Chief prosecutor in Subsequent Nuremberg Trials to share story in Brentwood on Tuesday

Benjamin Ferencz, Chief Nuremberg Trials Prosecutor
Posted at 5:42 PM, Apr 23, 2022
and last updated 2022-04-24 16:09:22-04

BRENTWOOD, Tenn. (WTVF) — Benjamin B. Ferencz, a Chief Prosecutor in the Subsequent Nuremberg Trials, is sharing his story and experiences in a live 45 minute screening event followed by a Q&A on Tuesday. He is 102 years old.

The Nuremberg Trials were a military tribunal in 1945-1946 that tried and convicted many of the most important surviving leaders of the defeated Nazi Germany for crimes committed in World War II. It has become known as "the biggest murder trial in history."

The "Subsequent Nuremberg Trials" is the collective name for 12 U.S.-only trials conducted after the international tribunal. Ferencz personally convicted 22 defendants in the case known as the Einsatzgreppen Trial.

“The Nuremberg trials showed me that creating a peaceful world takes time and resilience. If we fail to stand for justice and work to establish peace, it will be far too easy to repeat the mistakes of the past,” said Ferencz. “While peace does not come easy, it is always worth fighting for.”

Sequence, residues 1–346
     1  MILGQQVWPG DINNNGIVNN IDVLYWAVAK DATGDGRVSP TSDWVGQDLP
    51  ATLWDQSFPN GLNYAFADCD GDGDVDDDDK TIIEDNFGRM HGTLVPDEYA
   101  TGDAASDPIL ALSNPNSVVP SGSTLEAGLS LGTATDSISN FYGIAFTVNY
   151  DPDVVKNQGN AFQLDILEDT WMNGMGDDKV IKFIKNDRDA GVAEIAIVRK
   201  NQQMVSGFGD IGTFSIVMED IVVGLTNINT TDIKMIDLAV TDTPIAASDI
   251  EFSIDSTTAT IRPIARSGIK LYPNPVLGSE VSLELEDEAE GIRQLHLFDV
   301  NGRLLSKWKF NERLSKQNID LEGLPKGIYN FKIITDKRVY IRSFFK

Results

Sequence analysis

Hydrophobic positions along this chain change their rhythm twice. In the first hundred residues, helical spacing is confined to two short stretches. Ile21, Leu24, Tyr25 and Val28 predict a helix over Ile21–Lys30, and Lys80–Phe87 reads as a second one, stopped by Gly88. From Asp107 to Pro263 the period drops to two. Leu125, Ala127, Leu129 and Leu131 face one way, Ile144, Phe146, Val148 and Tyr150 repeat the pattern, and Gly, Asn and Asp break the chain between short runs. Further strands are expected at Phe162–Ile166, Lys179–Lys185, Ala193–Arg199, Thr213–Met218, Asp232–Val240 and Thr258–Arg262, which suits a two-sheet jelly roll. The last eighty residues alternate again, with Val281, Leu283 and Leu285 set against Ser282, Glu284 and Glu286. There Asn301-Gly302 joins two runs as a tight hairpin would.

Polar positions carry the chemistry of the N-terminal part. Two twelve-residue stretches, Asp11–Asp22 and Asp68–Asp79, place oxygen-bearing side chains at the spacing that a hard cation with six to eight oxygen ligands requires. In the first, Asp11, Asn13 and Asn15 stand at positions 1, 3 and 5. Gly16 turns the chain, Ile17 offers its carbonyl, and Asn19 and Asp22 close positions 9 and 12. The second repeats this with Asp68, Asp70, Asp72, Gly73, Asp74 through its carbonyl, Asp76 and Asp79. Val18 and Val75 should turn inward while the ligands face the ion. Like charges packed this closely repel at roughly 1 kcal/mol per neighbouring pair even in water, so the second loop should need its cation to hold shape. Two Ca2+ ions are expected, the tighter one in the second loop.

Luxembourg Germany Signs Israel Reparation Treaty
Nahum Goldman, President of the Jewish Claims Comission, center, signs agreements between Germany and Israel in a ceremony in Luxembourg on September 10, 1952. The agreements provide for compensation to be paid by Germany to Jews who suffered under the Nazis. Konrad Adenauer (unseen) signed for West Germany. East Germany is not included in the agreements. The ceremony was carried out in chilly silence. The two delegations entered the room by different doors. At left, seated is Moshe Sharett, Israeli Foreign Minister. At right, seated is Benjamin B. Ferencz a member of the Jewish delegation. (AP Photo)

Ferencz served as a prosecutor during the Trial but he also fought in most of the major European campaigns during World War II, including D-Day.

Ferencz will share his experiences and involvement in the historic Trials virtually, starting at 7 p.m. CST. He will be streamed live from the Congregation Micah in Brentwood, in partnership with Chabad of Nashville.

Attendees of the event will also have a chance to speak with Holocaust survivors and learn more about their stories.

Tickets to An Evening with Benjamin Ferencz are available online and cost $15 for virtual general admission, $10 for students. In-person attendance costs $25. All ages are welcome, and proceeds go to Chabad of Nashville.